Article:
Vargas was a sought-after expert around the globe.
    LaFontaine recalls when the pair played softball together, and Vargas was pulled away when a limousine arrived at the field to take him to the airport to catch a flight to Saudi Arabia on a consulting visit.
    "He mentored so many people who are where they are today because of him," LaFontaine said. "He left the world knowing he really helped a lot of people."
  • Longtime superintendent Matt Crowther is among three new sales representatives recently hired by PBI-Gordon Corp. 
    Joining Crowther (top right) on the PBI-Gordon team are Sean Lehr and Chris Quinlan. PBI-Gordon is a Kansas City-based company that serves the turf and landscape markets with its line of herbicides, fungicides, insecticides and plant growth regulators.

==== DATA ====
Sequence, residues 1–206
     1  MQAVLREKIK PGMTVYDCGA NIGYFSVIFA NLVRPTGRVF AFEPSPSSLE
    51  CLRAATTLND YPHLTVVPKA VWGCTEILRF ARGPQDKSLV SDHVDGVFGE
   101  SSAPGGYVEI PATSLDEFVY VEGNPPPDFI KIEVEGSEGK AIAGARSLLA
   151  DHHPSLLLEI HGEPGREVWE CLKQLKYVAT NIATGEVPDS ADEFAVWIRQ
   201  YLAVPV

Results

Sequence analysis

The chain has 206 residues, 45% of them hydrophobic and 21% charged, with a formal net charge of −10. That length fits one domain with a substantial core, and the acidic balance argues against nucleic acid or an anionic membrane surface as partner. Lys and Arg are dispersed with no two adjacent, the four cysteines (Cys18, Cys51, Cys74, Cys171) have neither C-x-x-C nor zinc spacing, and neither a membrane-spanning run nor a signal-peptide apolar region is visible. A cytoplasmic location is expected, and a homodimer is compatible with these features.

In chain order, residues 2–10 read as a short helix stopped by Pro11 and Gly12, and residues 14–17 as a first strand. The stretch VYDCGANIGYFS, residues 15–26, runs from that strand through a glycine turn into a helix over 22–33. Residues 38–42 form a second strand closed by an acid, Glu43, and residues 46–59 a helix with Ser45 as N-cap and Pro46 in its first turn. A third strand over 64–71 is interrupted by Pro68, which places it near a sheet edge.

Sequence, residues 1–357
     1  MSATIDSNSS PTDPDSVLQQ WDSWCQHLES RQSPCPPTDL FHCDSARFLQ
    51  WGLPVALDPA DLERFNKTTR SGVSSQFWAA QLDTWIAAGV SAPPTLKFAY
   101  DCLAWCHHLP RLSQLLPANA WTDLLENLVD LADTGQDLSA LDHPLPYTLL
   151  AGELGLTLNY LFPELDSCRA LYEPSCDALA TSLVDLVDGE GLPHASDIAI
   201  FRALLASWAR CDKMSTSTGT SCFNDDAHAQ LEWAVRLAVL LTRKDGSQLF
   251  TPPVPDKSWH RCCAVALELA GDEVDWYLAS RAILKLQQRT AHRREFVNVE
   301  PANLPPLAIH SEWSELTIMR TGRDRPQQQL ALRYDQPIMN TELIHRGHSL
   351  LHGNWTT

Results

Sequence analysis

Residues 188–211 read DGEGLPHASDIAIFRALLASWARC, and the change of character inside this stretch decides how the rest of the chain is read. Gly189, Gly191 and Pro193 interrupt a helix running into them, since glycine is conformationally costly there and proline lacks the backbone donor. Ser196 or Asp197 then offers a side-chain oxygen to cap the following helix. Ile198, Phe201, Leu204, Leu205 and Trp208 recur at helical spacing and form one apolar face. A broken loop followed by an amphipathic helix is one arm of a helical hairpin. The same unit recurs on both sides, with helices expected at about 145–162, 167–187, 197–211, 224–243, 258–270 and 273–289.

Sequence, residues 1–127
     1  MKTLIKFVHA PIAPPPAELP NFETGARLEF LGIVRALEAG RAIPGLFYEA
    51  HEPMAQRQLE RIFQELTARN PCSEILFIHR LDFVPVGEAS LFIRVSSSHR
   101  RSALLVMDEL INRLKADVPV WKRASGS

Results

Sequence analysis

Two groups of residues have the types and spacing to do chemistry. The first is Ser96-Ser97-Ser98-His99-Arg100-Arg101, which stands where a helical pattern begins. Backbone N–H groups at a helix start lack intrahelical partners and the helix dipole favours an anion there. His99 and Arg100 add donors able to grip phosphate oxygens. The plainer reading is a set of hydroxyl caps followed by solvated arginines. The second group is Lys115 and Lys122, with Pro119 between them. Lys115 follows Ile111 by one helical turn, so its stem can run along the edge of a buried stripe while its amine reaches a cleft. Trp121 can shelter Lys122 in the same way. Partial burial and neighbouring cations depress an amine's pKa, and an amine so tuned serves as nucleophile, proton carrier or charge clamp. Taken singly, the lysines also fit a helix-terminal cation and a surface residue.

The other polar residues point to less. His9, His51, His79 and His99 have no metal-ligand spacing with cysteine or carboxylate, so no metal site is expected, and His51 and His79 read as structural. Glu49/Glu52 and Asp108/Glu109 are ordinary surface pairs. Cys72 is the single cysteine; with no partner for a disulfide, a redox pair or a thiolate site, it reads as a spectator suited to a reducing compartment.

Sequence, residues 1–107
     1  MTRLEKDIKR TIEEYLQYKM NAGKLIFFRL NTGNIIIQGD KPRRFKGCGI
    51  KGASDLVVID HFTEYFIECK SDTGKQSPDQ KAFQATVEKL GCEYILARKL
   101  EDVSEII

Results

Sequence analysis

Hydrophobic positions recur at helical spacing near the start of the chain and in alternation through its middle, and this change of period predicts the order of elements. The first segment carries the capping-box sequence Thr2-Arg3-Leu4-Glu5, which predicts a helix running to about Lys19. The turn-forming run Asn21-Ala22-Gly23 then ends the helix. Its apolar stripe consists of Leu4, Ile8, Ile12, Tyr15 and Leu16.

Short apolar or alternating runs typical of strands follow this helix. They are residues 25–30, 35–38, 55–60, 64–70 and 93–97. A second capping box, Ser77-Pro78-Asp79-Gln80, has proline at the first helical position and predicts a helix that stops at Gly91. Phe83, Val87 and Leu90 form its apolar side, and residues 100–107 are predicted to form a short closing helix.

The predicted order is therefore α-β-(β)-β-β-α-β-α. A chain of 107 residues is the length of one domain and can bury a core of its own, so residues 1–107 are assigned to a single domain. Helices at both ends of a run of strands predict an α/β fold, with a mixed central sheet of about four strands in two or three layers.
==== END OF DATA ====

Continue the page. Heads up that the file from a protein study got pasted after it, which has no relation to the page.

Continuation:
A graduate of the University of Rhode Island, Crowther has more than 30 years of experience in turf. In his new role with PBI-Gordon, he will be responsible for all sales initiatives for the company's golf course, sports turf and lawn and landscape efforts in the Northeast region.
    During his tenure at Cape Cod, Crowther was the recipient of the 2020 GCSAA President's Award for Environmental Stewardship.
    Lehr (center right) will lead golf, landscape, professional lawn care and agriculture sales for PBI-Gordon customers and distributors in Arkansas, Kansas and Missouri.
    Lehr has more than 25 years of expertise in the turf and ornamental industry, most recently as district sales manager at Wilbur-Ellis Co. He also has held sales positions with Koch Turf & Ornamental, J.R. Simplot Co. and Mears Fertilizer.
    Quinlan (bottom right) will oversee all sales initiatives for golf course, sports turf and lawn and landscape in Minnesota, North Dakota, South Dakota and Wisconsin.
    Quinlan has a 25-year career in sales in the turf industry, including stops at Profile Products and Barenburg.